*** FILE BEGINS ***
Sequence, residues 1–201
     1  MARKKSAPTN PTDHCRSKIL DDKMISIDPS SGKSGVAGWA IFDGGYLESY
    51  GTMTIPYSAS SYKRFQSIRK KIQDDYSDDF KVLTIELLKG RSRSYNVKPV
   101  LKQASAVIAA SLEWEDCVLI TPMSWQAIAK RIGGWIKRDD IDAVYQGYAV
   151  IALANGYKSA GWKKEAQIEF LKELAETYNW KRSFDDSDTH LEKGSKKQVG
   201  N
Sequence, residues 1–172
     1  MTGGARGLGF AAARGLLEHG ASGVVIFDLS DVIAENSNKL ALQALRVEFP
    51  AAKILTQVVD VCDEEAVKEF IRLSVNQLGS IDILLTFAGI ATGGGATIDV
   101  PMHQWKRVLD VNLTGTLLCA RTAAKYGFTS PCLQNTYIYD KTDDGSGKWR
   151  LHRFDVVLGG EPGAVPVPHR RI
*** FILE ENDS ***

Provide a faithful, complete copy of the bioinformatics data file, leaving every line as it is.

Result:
Sequence, residues 1–201
     1  MARKKSAPTN PTDHCRSKIL DDKMISIDPS SGKSGVAGWA IFDGGYLESY
    51  GTMTIPYSAS SYKRFQSIRK KIQDDYSDDF KVLTIELLKG RSRSYNVKPV
   101  LKQASAVIAA SLEWEDCVLI TPMSWQAIAK RIGGWIKRDD IDAVYQGYAV
   151  IALANGYKSA GWKKEAQIEF LKELAETYNW KRSFDDSDTH LEKGSKKQVG
   201  N
Sequence, residues 1–172
     1  MTGGARGLGF AAARGLLEHG ASGVVIFDLS DVIAENSNKL ALQALRVEFP
    51  AAKILTQVVD VCDEEAVKEF IRLSVNQLGS IDILLTFAGI ATGGGATIDV
   101  PMHQWKRVLD VNLTGTLLCA RTAAKYGFTS PCLQNTYIYD KTDDGSGKWR
   151  LHRFDVVLGG EPGAVPVPHR RI